Monday, January 9, 2012

UC Diversity Conference Keynote: Dr. Helen Neville - April 18th!

From the UC Diversity Conference:

Diversity Conference Keynote is LEADER in Racism Research

The keynote speaker for the 4th Annual UC Diversity conference on April 18 will be Helen Neville, University of Illinois (Champaign) Provost Fellow and Chair of the Counseling Psychology Program.  Professor of Educational Psychology and African American Studies, Dr. Neville is known for her ground breaking research on racism. 

Dr. Neville will share her research and validated scale to assess color-blind racial attitudes or the denial, distortion, and minimization of the existence of racism. Findings in this new line of research are providing support for emerging theoretical articulations, such that greater denial of the existence of racism on a structural level have been related to: (a) greater levels of racial and gender intolerance among students and community members and (b) lower levels of self-reported and observed multicultural therapy competencies among counselors. For White college students, adopting a color-blind racial perspective also has been related to greater racial prejudice against Blacks and increased fear and distrust of racial and ethnic minorities. For Blacks, ignoring the influence of racism in the lives of people of color have been related to increased levels of internalized oppression and victim-blaming ideology.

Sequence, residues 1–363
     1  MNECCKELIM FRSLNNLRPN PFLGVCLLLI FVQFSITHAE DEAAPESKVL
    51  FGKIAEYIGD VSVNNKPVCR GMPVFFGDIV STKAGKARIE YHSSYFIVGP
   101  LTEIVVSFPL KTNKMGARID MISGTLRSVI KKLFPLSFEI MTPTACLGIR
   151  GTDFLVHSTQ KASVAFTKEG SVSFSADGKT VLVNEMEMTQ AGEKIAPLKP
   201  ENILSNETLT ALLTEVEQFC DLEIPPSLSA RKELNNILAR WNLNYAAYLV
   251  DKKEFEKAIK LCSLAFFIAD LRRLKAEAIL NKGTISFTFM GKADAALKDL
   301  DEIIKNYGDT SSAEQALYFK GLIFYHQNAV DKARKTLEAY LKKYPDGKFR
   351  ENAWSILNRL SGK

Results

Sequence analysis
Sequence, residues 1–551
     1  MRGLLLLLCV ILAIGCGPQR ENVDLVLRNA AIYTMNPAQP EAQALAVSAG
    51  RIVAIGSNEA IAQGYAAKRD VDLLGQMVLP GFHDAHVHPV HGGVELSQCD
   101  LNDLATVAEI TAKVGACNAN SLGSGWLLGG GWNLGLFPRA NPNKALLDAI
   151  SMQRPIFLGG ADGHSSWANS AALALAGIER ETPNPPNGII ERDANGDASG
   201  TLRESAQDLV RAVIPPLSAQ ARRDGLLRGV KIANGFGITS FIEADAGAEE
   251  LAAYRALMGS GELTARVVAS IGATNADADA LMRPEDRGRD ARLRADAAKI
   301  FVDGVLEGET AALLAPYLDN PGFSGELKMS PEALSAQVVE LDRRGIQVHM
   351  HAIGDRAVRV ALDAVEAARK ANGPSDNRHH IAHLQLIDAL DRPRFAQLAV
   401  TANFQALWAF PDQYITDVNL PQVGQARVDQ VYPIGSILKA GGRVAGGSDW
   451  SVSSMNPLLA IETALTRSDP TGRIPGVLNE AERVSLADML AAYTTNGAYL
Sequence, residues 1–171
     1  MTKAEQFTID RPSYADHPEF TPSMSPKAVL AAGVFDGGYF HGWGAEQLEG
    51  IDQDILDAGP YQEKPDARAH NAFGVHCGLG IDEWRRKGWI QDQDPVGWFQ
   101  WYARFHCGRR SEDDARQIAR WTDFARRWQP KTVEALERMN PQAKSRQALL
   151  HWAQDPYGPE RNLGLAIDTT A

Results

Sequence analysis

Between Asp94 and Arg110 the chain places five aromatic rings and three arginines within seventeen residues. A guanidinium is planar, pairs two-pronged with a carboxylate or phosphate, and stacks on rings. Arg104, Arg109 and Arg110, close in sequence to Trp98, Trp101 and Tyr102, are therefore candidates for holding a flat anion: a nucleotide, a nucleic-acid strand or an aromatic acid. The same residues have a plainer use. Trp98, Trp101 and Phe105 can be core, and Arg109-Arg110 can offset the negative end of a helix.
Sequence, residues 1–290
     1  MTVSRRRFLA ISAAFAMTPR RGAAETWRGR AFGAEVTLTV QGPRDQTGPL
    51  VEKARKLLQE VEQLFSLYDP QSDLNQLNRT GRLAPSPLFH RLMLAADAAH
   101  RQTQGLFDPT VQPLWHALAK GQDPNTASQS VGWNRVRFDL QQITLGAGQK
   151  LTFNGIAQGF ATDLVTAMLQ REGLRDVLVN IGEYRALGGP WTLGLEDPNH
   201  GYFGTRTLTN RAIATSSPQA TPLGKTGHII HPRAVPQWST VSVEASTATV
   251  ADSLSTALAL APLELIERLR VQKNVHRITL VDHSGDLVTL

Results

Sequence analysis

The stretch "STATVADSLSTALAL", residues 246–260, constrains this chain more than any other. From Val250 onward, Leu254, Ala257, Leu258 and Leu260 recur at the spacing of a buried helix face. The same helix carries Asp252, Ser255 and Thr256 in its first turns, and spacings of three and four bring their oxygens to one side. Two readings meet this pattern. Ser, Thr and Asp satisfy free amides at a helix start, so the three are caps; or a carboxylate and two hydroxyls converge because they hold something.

Historically, Dr. Neville’s research interests have focused on three interrelated areas: general and cultural factors influencing stress and coping processes, evaluation of the effectiveness of diversity-related programs, and multicultural education. Her research in the first area has centered on examining general and cultural factors influencing rape survivors, post-assault recovery process and African American students' psychosocial and educational adjustment to predominantly white universities. She is particularly interested in understanding common experiences that transcend race, ethnicity, and class background in adjusting to stressful events, as well as teasing out the more culture-specific factors related to this adjustment.

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